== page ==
Articles Posted in Car Accident

motorcycleIn the U.S., we have both federal and state courts. If you are involved in a car or motorcycle accident, a knowledgeable South Florida personal injury attorney can help you to determine which court would be proper to file your suit in. Sometimes the suit may start in one court and then be moved – referred to as “removed”- to the other.

Motorcycle Accident

The underlying facts of this case involve a motorcycle accident. The plaintiff was riding his motorcycle when it shut off suddenly. This caused him to lose control of the motorcycle and he was injured. In the original demand letter, plaintiff asked for $275,000 plus “med pay benefits.” At the time the letter was sent, plaintiff’s medical bills had so far totaled $68,218.87. The plaintiff filed his suit in state court and the defendant removed the case to federal court. Now, the defendant is asking for the case to be moved back to state court. The case was decided by the Middle District of Florida, which is a federal court.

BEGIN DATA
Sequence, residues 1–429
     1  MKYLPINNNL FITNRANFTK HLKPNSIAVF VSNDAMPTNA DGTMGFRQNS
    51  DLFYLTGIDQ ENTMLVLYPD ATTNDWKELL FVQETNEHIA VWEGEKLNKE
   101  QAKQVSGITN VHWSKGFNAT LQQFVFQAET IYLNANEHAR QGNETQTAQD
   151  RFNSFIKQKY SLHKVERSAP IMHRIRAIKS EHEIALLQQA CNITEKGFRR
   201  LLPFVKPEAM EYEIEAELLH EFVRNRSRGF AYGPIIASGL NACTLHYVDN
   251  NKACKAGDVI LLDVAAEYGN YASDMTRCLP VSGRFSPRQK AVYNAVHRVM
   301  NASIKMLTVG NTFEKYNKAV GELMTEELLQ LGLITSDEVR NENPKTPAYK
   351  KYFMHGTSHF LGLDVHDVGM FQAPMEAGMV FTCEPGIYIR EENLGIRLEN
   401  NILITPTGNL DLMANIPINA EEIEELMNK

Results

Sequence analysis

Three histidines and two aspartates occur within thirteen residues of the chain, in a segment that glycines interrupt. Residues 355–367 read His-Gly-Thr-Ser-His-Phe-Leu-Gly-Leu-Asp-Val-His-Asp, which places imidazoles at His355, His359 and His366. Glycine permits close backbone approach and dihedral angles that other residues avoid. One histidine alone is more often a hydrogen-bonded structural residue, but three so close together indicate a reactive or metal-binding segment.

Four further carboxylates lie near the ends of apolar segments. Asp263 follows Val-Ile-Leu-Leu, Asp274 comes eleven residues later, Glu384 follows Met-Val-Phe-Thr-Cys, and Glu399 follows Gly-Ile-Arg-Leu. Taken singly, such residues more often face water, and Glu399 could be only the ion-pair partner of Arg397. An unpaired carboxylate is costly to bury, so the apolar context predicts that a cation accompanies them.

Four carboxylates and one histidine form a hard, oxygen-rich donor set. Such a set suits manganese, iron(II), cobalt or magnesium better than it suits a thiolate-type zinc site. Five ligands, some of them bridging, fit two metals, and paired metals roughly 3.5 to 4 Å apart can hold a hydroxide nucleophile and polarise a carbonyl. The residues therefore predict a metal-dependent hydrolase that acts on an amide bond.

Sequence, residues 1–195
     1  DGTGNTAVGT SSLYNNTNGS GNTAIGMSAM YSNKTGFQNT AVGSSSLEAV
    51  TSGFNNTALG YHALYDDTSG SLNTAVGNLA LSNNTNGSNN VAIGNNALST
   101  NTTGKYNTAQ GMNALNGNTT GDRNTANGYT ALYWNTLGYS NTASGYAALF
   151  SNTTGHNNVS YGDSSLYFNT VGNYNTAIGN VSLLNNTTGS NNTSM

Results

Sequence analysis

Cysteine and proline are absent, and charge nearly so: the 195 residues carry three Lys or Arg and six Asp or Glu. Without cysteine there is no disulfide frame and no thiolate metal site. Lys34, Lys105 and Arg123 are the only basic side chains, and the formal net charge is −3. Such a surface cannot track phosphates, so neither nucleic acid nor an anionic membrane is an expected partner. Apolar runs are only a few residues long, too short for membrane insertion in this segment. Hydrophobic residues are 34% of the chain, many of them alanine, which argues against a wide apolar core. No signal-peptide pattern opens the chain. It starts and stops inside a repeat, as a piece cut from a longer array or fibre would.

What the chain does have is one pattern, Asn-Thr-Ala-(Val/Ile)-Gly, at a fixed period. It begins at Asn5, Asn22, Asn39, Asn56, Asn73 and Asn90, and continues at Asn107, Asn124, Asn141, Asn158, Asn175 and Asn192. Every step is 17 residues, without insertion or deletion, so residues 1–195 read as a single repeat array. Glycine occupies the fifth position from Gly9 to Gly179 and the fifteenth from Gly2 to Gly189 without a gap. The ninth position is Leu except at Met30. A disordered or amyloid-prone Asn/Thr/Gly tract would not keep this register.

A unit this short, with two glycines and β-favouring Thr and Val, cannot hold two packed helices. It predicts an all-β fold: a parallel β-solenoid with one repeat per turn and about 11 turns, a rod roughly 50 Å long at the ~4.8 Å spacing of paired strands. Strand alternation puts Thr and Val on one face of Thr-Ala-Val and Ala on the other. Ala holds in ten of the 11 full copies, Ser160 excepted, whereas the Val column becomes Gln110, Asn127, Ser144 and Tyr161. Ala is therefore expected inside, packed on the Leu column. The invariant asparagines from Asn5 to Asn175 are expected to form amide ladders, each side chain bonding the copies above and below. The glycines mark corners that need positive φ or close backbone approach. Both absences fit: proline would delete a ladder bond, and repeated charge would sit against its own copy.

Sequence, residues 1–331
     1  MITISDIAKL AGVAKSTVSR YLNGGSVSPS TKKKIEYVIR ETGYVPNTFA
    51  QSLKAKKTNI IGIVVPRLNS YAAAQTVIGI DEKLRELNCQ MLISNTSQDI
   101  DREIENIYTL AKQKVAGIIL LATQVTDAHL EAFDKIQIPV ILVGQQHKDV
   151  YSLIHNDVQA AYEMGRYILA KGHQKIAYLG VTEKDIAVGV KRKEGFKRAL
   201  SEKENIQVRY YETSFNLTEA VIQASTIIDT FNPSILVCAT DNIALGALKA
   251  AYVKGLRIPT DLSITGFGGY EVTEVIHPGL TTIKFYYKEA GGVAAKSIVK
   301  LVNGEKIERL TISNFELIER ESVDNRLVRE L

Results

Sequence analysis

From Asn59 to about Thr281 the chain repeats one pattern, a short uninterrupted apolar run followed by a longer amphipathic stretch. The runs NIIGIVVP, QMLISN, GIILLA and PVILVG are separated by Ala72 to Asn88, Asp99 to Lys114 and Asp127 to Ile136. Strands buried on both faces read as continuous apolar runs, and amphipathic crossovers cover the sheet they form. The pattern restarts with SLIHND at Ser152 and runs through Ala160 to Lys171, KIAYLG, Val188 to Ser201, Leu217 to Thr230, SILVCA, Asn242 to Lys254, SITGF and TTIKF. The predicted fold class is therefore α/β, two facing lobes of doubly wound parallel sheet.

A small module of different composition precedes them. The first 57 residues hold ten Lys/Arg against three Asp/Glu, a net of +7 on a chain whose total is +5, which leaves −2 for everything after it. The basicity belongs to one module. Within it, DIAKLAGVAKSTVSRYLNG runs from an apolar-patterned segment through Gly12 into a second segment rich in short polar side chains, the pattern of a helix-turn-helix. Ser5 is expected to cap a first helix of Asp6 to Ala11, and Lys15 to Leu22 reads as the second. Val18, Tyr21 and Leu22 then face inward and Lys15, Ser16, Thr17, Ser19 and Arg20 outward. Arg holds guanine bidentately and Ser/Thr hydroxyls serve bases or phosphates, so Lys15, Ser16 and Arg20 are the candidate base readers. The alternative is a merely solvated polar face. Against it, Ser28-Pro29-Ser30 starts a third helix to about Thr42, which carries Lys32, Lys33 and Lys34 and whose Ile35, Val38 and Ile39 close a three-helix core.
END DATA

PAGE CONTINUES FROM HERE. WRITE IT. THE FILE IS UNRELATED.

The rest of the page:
car accidentIf you are injured in a car accident, you may envision that the only person that you need to take legal action against is the driver who caused the accident. However, oftentimes insurance companies will also need to be brought into court in order for them to pay the damages that they owe. Even if your insurance company seems cooperative, they may just be trying to get you to settle for less than you deserve. If you are injured in a car accident, you should contact a knowledgeable South Florida personal injury attorney as soon as possible. They can help you to decide whether you should take the settlement offered or if you need to involve the insurance company in legal action.

The Car Accident

A man was driving on a Florida highway with his friend in the passenger seat. The driver fell asleep at the wheel and crashed into a cement barrier. While the driver was not injured, the passenger suffered serious injuries and was paralyzed from the waist down. To complicate matters even more, the car itself was owned by the driver’s father’s business. The insurance policy included a one million dollar garage liability policy and a two million dollar commercial umbrella policy.